Benjamin Franklin Papers

From Benjamin Franklin to Georgiana Shipley, 8 October 1780

To Georgiana Shipley

AL (draft): Library of Congress

Passy, Oct. 8. 1780

It is long, very long, my dear Friend, since I had the great Pleasure of hearing from you, and receiving any of your very pleasing Letters.4 But it is my fault. I have long omitted my Part of the Correspondence. Those who love to receive Letters should write Letters. I wish I could safely promise an Amendment of that Fault. But besides the Indolence attending Age, and growing upon us with it, my Time is engross’d by too much Business, and I have too many Inducements to postpone doing, what I feel I ought to do for my own Sake, & what I can never resolve to omit entirely.

Your Translations from Horace, as far as I can judge of Poetry & Translations, are very good. That of the Quò quò ruitis, is so suitable to the Times, that the Conclusion (in your Version) seems to threaten like a Prophecy, and methinks there is at least some Appearance of Danger that it may be fulfilled.—5 I am unhappily an Enemy, yet I think there has been enough of Blood spilt, and I wish what is left in the Veins of that once lov’d People, may be spared, by a Peace solid & everlasting.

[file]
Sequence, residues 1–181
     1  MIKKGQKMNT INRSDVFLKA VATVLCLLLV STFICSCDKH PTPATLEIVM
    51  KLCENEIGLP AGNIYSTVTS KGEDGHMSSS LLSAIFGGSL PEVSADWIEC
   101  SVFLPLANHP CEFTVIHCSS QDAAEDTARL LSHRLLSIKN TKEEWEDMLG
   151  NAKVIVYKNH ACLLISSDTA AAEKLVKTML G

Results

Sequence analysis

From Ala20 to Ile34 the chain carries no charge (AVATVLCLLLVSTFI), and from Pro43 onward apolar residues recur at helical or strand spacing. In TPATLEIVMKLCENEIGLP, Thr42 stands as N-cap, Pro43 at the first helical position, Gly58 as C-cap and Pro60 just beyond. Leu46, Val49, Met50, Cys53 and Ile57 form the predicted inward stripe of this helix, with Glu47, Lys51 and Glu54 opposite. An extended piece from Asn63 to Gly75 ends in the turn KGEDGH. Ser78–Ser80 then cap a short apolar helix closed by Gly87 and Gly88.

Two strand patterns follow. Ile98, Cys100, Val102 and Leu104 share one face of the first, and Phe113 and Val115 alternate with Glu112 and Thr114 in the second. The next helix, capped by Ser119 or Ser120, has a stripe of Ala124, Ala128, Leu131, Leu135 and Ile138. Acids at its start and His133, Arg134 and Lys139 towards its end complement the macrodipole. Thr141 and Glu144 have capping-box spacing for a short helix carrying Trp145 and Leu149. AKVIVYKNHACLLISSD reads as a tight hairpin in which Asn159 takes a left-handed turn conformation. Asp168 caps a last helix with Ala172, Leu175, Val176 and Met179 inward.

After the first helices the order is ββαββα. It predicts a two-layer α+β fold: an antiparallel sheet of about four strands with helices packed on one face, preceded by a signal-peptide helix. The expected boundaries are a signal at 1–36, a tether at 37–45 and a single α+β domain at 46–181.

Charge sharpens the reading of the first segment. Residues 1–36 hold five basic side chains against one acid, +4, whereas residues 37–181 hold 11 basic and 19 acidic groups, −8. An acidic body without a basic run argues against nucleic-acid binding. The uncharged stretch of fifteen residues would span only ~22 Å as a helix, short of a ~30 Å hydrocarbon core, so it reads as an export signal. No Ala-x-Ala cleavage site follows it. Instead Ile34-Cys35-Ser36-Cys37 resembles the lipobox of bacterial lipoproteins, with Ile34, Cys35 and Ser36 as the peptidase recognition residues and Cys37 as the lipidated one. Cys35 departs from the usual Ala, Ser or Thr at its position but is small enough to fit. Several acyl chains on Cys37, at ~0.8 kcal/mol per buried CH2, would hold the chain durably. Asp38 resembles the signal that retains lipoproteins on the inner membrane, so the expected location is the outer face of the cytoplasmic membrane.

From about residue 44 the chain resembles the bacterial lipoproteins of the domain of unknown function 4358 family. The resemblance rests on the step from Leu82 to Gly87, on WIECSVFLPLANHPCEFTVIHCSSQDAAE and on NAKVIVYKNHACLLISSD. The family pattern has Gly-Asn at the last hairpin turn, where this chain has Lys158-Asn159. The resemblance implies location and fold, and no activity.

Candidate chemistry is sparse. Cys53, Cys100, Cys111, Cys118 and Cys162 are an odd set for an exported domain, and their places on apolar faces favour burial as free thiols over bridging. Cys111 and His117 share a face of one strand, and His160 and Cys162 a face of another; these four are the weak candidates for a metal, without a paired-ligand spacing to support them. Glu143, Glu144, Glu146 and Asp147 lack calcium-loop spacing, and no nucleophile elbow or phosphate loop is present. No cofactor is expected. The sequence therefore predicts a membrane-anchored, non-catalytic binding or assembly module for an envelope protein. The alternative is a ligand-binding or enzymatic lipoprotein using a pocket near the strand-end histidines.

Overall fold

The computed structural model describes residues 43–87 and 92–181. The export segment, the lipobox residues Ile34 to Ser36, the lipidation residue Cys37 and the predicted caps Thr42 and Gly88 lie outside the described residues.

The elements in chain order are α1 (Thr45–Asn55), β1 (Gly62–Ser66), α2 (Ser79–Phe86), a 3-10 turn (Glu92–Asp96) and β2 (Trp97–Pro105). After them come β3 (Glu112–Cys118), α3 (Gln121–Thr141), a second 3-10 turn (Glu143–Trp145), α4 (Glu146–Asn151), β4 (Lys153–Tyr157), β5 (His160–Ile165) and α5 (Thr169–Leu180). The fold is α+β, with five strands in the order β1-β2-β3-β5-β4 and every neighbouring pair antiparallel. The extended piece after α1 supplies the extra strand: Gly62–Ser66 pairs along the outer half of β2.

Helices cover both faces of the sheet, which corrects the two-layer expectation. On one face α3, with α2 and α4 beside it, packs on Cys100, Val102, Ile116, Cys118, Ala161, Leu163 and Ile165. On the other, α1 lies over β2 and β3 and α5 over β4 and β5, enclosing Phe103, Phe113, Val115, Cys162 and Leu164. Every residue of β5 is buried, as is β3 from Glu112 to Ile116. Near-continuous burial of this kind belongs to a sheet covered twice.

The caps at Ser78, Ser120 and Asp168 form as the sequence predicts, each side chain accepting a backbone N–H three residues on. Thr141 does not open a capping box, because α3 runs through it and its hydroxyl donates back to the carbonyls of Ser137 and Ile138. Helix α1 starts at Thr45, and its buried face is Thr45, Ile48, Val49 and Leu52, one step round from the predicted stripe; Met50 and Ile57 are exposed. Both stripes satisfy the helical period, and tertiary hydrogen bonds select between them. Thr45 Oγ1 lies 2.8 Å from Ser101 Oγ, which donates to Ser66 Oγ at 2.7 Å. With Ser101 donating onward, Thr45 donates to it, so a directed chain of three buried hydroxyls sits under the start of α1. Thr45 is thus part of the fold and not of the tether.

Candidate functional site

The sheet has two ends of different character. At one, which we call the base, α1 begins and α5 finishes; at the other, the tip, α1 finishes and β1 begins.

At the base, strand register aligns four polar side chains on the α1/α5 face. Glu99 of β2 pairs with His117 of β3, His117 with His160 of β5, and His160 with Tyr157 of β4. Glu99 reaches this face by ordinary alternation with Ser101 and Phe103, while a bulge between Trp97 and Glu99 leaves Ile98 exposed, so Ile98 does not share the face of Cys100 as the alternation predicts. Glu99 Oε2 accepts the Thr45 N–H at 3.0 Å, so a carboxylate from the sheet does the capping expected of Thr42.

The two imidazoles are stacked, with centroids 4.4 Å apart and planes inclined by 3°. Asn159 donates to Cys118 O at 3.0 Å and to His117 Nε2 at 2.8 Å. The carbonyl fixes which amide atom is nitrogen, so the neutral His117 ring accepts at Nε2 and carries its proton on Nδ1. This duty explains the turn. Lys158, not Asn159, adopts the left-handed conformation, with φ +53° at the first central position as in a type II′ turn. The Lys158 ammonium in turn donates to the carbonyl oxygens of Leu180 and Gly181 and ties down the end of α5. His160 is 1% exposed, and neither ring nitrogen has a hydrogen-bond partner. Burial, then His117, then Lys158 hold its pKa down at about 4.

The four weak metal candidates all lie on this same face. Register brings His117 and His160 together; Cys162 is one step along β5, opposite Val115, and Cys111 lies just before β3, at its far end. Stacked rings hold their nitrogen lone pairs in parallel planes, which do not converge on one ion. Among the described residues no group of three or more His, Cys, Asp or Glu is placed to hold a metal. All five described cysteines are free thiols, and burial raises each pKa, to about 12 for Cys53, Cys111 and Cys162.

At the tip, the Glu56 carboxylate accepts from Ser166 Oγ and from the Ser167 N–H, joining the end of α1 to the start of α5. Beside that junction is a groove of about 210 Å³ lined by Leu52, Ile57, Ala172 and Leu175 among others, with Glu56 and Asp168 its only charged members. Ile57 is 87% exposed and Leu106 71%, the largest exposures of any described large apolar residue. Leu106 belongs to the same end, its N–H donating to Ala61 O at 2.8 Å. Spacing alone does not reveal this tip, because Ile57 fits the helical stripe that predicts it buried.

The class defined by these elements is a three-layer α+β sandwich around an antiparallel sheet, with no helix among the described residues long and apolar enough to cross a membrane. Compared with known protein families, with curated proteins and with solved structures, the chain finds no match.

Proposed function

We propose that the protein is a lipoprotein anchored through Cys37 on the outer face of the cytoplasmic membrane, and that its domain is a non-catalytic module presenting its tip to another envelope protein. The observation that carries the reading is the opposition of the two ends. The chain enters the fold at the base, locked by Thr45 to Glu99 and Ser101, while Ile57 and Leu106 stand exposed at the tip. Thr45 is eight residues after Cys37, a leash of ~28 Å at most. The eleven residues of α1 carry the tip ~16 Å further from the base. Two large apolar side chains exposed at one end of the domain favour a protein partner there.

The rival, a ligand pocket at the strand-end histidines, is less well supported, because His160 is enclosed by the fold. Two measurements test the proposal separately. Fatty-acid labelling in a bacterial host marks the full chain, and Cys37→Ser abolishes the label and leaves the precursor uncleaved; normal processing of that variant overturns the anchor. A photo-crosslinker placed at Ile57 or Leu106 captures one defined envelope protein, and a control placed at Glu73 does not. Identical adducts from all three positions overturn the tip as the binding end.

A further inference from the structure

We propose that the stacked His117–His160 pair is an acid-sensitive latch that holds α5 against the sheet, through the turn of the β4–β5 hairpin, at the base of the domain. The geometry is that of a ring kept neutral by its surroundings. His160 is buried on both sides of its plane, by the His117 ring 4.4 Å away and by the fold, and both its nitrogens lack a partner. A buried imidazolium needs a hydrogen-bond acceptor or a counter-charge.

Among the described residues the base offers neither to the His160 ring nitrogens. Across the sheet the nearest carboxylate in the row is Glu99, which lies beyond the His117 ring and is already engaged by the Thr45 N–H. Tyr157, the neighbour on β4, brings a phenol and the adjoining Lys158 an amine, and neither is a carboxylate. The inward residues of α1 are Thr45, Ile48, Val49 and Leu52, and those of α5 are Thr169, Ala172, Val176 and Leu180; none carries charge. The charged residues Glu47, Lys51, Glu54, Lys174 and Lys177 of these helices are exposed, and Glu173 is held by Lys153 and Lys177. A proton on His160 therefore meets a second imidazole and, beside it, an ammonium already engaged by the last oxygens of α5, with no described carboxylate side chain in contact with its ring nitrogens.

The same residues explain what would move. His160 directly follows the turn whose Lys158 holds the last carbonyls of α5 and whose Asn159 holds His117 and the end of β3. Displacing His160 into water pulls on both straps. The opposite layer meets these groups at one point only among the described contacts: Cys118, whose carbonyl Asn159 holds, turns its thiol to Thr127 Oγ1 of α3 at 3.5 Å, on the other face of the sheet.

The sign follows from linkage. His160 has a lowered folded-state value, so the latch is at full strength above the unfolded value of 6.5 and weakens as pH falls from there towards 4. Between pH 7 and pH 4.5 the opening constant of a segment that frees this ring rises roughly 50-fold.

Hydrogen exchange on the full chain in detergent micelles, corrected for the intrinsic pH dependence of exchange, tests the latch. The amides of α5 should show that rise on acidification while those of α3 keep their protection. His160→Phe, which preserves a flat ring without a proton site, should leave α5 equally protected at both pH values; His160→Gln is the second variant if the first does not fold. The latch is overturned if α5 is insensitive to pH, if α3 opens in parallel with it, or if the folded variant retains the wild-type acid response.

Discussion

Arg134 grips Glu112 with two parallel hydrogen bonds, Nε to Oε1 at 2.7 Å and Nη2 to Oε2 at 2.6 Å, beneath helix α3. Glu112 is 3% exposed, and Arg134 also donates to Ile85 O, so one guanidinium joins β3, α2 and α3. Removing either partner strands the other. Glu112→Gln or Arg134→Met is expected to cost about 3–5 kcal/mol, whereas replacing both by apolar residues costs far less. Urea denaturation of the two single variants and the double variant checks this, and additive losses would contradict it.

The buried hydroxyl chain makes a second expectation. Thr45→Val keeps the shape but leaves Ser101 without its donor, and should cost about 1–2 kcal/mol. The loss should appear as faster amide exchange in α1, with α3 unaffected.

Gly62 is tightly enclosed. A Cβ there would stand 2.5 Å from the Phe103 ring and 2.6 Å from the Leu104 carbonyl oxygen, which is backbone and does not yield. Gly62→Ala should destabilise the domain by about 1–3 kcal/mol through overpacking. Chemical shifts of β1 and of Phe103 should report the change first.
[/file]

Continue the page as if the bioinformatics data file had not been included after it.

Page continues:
It is a great while since I have heard any thing of the good Bishop. Strange that so simple a Character should sufficiently distinguish one of that sacred Body!— Donnez moi de ses Nouvelles.— I have been some time flatter’d with the Expectation of seeing the Countenance of that most honour’d & ever beloved Friend, delineated by your Pencil. The Portrait is said to have been long on the way, but is not yet arriv’d: Nor can I hear where it is.6

Indolent as I have confess’d myself to be, I could not, you see, miss this good & safe Opportunity of sending you a few Lines, with my best Wishes for your Happiness and that of the whole dear & amiable Family in whose sweet Society I have spent so many happy Hours. Mr Jones7 tells me he shall have a Pleasure in being the Bearer of my Letter, of which I make no doubt; I learn from him, that to your Drawing, & Music, & Painting & Poetry, & Latin, you have added a Proficiency in Chess; so that you are, as the French say, tout plein de Talens.8 May they & you fall to the Lot of One that shall duly value them, and love you as much as I do.


Miss Georgiana Shipley

[Note numbering follows the Franklin Papers source.]

4Two letters from her in 1780 are extant: XXXI, 444–5; XXXII, 432–3.

5“Quo quo scelesti ruitis”: Horace, Epodes, VII, I. It can be translated as “Whither, whither are you rushing to ruin?”

6For the drawing she had made of her father see Digges to BF, July 12 and Sept. 18.

7William Jones.

8BF had originally—and correctly—drafted the phrase in the feminine: “toute pleine de Talens”.

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